Spray and pray – the COVID-19 version

Kiran Mazumdar-Shaw is the head of Biocon, a company headquartered in Bengaluru and which has repurposed a drug called itolizumab – already approved to help manage severe chronic psoriasis in different markets – to manage cytokine release syndrome (CRS) in COVID-19 patients. Setting aside CRS’s relevance in the COVID-19 pathology (considering it is currently in dispute), Mazumdar-Shaw and a specific coterie of Biocon employees have been aggressively marketing itolizumab despite the fact that its phase II clinical trial seems by all accounts to have been a joke. (I recommend this account.)

Funnily enough, The Print published an article by Mazumdar-Shaw on September 1, in which she describes her experience of the infection (she’s one of The Print‘s funders). Two portions of the article are striking. One is the following paragraph about her treatment, which tacitly implicates a host of drugs and devices in her recovery without providing any additional information of their respective usefulness:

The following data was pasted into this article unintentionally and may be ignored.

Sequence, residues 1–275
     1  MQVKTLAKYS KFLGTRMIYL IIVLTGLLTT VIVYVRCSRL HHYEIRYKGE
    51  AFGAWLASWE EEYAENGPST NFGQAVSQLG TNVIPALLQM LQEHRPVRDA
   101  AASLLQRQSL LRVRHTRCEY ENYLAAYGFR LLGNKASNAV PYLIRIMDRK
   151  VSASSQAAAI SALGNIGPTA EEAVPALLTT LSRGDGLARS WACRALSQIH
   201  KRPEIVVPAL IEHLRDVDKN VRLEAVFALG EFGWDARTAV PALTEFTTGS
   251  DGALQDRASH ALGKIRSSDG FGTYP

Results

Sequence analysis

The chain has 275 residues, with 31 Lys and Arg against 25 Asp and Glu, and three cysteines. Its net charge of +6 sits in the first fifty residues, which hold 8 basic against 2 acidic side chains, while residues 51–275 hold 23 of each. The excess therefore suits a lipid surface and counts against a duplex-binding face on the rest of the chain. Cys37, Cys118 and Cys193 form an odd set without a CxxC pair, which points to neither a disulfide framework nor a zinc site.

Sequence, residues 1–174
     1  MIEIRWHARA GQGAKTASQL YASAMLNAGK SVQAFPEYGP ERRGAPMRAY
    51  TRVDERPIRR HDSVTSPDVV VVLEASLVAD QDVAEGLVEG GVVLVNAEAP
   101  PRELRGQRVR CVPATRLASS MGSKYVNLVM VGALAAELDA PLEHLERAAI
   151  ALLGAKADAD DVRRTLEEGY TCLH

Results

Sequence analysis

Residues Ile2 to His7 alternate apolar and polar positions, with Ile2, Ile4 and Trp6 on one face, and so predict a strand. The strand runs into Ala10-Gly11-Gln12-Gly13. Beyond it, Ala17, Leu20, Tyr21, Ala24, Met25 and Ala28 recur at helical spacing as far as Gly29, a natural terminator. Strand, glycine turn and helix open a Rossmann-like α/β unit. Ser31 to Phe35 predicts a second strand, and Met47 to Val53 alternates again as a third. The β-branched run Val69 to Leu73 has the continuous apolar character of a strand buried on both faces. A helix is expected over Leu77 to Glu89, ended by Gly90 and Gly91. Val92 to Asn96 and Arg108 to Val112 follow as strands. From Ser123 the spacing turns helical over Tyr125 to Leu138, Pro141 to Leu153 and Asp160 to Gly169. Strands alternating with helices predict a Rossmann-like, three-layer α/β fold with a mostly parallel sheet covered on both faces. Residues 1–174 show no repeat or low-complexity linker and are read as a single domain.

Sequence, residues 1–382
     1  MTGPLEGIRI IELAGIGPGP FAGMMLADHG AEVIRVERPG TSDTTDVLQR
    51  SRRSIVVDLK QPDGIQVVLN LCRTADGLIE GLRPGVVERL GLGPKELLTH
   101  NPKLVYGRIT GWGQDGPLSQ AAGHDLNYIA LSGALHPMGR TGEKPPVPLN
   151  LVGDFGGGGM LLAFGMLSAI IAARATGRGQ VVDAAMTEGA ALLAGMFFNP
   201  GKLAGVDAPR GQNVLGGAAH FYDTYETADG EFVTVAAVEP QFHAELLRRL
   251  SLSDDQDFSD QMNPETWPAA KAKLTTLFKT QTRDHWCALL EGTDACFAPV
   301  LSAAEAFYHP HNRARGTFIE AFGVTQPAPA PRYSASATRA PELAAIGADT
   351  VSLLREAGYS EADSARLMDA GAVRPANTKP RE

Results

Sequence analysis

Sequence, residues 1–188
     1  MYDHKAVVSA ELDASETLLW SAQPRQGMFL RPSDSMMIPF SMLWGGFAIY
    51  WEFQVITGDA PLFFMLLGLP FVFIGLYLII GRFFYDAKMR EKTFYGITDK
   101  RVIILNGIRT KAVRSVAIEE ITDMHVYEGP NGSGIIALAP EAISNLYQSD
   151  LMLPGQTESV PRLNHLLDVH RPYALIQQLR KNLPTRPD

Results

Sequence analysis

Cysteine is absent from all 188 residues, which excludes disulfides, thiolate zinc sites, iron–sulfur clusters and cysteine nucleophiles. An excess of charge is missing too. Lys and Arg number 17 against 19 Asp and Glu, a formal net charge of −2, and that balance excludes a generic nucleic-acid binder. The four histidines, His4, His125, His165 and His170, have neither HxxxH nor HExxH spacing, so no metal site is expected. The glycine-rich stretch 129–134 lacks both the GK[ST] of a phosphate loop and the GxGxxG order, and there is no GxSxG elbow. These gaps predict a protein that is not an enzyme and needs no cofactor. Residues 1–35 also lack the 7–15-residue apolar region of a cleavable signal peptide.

Dr Murli Mohan from Narayana Health, Bengaluru and Dr Shashank Joshi from Lilavati hospital, Mumbai, were my key medical supervisors. I was put on a course of Favipiravir, azithromycin and paracetamol. Apart from this, I continued with my daily dose of Vitamin C, Vitamin D, Zinc, baby aspirin and chyavanprash. Not to mention my twice a week 200mg dose of HCQ. Day two and three were uneventful. I was measuring my oxygen saturation levels six times a day, which were all between 96-98 per cent even after a brisk six-minute walk. My temperature was normal but late evening on Day three, I felt fluish and it extended to Day four and five. No measurable temperature but frequent bouts of sweating, which suggested that my body was fighting the virus. I was also tracking my Cytokine levels.